Tschichold, the son of a highly acclaimed sign writer, was trained in the craft of calligraphy.  This training set him apart from other recognized typographers of his era, due to the fact that most typographers were formerly trained in architecture or the fine arts.  This also explains why Tschichold rarely ever worked with handmade paper or custom fonts, despite the fact that many other typographers did.  Tschichold was more known for using stock fonts.  Tschichold converted to Modernist design principles around 1923 after visiting the very first ever Weimar Bauhaus exhibition.  From this point on he was leading advocate for Modernist design.  This was most notably exemplified in his 1925 magazine supplement, his 1927 personal exhibition, and his highly acclaimed work Die neue Typographie.  A manifesto of modern design, Tschichold’s publication served as the blueprint for modernism in graphic design.  All fonts were condemned except sans-serif, non-centered design was favored for title pages, standardized paper size was advocated for all prints, and he established a thorough explanation of the most effective use of different sizes and weight of type to best convey information. Following the great success of Die neue Typographie, Tischichold published a series of manuals on the practical principles of Modernist typography, which was very influential among typographic workers.  His books remained classic and very influential in the world of graphic design, but he loosened he beliefs on the subject around 1932 and moved back towards Classicism in print design, viewing his great work to be too extreme.  It was during this time in his life that he often referred to Modernist design as being authoritarian and inherently fascistic.  But, it was when he oversaw the redesigning of over 500 paperback books for Penguin Books, that he would leave another lasting mark on the culture of graphic design.  Dually, Tschichold’s contribution was inspired by the pioneering efforts of Edward Johnson.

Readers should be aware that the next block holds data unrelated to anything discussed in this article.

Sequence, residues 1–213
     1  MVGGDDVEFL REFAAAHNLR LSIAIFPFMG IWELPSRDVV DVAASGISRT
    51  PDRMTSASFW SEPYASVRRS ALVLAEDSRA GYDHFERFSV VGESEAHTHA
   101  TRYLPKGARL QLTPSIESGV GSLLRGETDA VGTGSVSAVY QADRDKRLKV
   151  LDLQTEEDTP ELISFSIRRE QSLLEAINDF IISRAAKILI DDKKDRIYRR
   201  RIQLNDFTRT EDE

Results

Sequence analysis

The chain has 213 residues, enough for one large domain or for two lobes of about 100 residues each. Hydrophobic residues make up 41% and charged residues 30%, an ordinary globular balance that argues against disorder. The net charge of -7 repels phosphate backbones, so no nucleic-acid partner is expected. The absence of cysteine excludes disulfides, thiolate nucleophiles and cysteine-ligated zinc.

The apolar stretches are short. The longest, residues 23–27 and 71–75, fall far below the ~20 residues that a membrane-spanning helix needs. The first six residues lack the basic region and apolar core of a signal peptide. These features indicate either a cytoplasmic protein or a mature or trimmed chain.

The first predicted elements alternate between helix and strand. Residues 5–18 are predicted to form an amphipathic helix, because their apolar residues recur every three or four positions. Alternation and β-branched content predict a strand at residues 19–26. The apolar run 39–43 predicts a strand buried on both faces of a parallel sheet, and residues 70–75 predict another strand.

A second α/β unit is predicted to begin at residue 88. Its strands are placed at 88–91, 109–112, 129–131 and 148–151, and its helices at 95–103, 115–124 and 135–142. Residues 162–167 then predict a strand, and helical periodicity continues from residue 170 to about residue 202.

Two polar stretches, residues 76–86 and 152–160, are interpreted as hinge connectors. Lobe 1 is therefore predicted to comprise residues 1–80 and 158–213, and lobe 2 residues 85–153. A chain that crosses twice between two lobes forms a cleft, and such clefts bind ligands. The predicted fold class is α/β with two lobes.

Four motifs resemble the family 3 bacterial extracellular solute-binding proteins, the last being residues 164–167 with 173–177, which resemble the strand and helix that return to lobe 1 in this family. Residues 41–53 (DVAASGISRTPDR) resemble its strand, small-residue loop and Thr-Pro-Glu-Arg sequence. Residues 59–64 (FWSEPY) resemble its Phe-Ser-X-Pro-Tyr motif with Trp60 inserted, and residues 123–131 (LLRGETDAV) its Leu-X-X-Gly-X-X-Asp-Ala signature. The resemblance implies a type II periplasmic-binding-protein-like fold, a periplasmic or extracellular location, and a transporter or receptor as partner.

Johnson, a type designer and calligrapher, wrote as book in 1906 titled “Writing and Illuminating and lettering.”  His work caused what many historians look upon as a type of renaissance for calligraphy.  To this day his book is considered one of the most influential works on calligraphy ever published.  On top of making a major contribution to graphic design culture, Johns also invented several font types, such as Hamlet-Type, Imprint-Antiqua, and Johnston Sans Serif, which are still used to this day in designs.  Many typographers believe that the origin of what today is viewed as an experimental and constantly fluctuating stage of graphic design can be traced back to the initial attempts to contradict the restrictiveness of modern design.  They mark 1950 as the beginning of post modern typography.  This was an era when notable figures like Herman Zapf designed Palatino (1948) and Optima (1952) type faces.  These fonts had a modern touch while at the same time they maintained an even mixture of serif and sans-serif.  A true pioneer of graphic design Zapf’s list of original typefaces reads as such: AldusT (1954), AureliaT (1983), EdisonT (1978), KompaktT (1954), MarconiT (1976), Medici ScriptT (1971), MeliorT (1952), Noris ScriptT (1976), OptimaT (1958), OptimaT nova (2002), OrionT (1974), PalatinoT (1950), SaphirT (1953), SistinaT (1950), VarioT (1982), VentureT (1969), Linotype Zapf EssentialsT (2002), ZapfinoT (1998), Zapfino ExtraT (2003), ITC Zapf Chancery (1979) ITC Zapf International (1976), ITC Zapf Book (1976), Zapf Renaissance AntiquaT (1984-1987), ITC Zapf Dingbats(1978).  All of these established contributions to typography ultimate created the tools utilized and the science of a graphic layout, basically giving credit to the typographic pioneers for forming the original technique of graphic design.  To measure the way modernist art influenced graphic design is a far more complex task.

            During the first half of the nineteenth century, Europe and America endured multiple revolutions which made globally popular ideologies and doctrine now identified as romanticism, which emphasized an appreciation for individual subjective experience, revolutionary/ radical extensions of expression, and the supremacy of nature as the key subject of art.  The Romantic era is largely recognized as the period from 1850-1920 C.E. when there was great change and emancipation in Western Europe.  The strict laws and restraint designed to maintain balance in classical era were largely rebelled against during this era.  The bulk of this movement gained strength during the Industrial Revolution in response to the aristocratic nature of the enlightenment period and the overly scientific rationalization used in art and literature.  Strong emotion was emphasized as the core source of aesthetics and the artistic experience.  The label ‘romantic’ comes from the use of romantic and medieval elements in the art.  Painters like John Constable, and poets like Wordsworth and Colderidge gained much acclaim for being representatives of this movement.  Remnants of the romantic culture which they established can largely be seen reflected by western society today.